comscore Honolulu teacher wins national honor | Honolulu Star-Advertiser
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Honolulu teacher wins national honor

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Star-Advertiser staff

Melanie Ah Soon, a sixth-grade science teacher at Sacred Hearts Academy, was one of 85 math and science teachers nationwide named Thursday as recipients of the Presidential Award for Excellence in Mathematics and Science Teaching.

The White House announced the list of winners. The educators will receive their awards later this year in Washington, D.C.

Ah Soon teaches math and language arts at the Kaimuki school. This is her fifth year at Sacred Hearts and 19th year overall as a teacher.

She was the only teacher from Hawaii selected this year.

“I have been blessed to receive such a prestigious honor,” Ah Soon wrote to the committee. “The award makes me proud to be a teacher. To be recognized for a job that I call a vocation, as well as an avocation, is a very humbling experience for me.

“It is a thrilling moment when I engage my students in something innovative, see their excitement, and feel that I have just sparked their love of learning. This award makes me understand the endless possibilities I can use to help students become globally aware citizens and positive, contributing members of the community. This award is the result of the full support and encouragement that I continue to receive from my school community and my family, and it is with gratitude that I share this recognition with them.”

The Presidential Award for Excellence in Mathematics and Science Teaching is awarded annually to outstanding K-12 science and mathematics teachers from across the country.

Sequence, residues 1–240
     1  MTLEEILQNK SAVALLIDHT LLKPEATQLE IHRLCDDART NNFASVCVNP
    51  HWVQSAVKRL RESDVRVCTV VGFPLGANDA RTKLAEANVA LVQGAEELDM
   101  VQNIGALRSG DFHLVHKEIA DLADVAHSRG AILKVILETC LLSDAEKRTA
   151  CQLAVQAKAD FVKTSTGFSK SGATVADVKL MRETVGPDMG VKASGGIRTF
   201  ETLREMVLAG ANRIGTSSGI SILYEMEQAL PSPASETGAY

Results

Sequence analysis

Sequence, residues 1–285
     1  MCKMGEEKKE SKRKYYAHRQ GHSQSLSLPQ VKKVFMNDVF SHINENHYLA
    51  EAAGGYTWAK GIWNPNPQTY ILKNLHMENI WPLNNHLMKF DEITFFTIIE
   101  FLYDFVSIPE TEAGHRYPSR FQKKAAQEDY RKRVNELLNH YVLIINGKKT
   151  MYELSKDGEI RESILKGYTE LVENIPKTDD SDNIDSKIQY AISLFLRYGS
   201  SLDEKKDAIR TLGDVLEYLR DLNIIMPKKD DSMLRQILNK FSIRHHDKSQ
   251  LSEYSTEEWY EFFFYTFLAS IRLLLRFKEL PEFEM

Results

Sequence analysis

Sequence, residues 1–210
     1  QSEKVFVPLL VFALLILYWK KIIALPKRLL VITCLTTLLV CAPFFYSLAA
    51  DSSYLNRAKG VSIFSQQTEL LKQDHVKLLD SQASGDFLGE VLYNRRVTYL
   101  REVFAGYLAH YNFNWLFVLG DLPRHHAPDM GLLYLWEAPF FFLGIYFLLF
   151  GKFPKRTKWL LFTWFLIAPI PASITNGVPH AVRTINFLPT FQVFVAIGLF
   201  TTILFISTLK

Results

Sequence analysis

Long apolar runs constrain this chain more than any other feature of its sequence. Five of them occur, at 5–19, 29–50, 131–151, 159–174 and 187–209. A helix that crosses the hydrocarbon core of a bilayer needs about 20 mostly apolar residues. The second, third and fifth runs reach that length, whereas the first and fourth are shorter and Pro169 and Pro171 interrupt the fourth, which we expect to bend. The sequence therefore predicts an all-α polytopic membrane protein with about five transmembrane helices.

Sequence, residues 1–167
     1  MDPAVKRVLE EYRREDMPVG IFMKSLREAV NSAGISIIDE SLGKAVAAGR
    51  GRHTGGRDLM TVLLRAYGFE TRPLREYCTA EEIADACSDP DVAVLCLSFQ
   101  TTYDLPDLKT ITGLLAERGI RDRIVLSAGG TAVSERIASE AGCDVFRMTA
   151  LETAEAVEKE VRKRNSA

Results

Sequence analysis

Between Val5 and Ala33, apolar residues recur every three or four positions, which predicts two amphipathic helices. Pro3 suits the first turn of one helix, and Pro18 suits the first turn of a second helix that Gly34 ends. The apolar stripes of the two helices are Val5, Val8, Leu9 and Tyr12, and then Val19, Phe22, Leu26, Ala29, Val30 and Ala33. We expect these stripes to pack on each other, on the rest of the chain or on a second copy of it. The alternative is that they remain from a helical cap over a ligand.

Each year, the award alternates between teachers teaching kindergarten through sixth grade and those teaching seventh through 12th grades. The 2010 awardees named last week teach kindergarten through sixth grade.

Winners receive a $10,000 award from the National Science Foundation to be used at their discretion. They also receive an expense-paid trip to Washington for an awards ceremony and several days of educational and celebratory events, including visits with members of Congress and the administration.

President Barack Obama has committed to strengthen science, technology, engineering and mathematics education and prepare 100,000 effective science and mathematics teachers over the next decade. These commitments build on the president’s “Educate to Innovate” campaign, which has attracted more than $700 million in donations and in-kind support from corporations, philanthropies, service organizations, and others to help bolster science and technology education in the classroom.

“The teachers we honor today have demonstrated uncommon skill and devotion in the classroom, nurturing the young minds of tomorrow’s science and math leaders,” Obama said in a news release. “America’s competitiveness rests on the excellence of our citizens in technical fields, and we owe these teachers a debt of gratitude for strengthening America’s prosperity.”

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